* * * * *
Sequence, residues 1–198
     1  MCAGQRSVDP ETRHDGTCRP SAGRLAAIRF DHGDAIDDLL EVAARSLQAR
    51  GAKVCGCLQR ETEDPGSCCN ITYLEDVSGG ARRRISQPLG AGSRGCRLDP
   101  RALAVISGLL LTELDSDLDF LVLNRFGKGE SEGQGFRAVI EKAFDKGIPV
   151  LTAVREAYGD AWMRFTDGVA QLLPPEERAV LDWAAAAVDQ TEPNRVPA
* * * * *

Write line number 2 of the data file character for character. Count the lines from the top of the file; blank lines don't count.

     1  MCAGQRSVDP ETRHDGTCRP SAGRLAAIRF DHGDAIDDLL EVAARSLQAR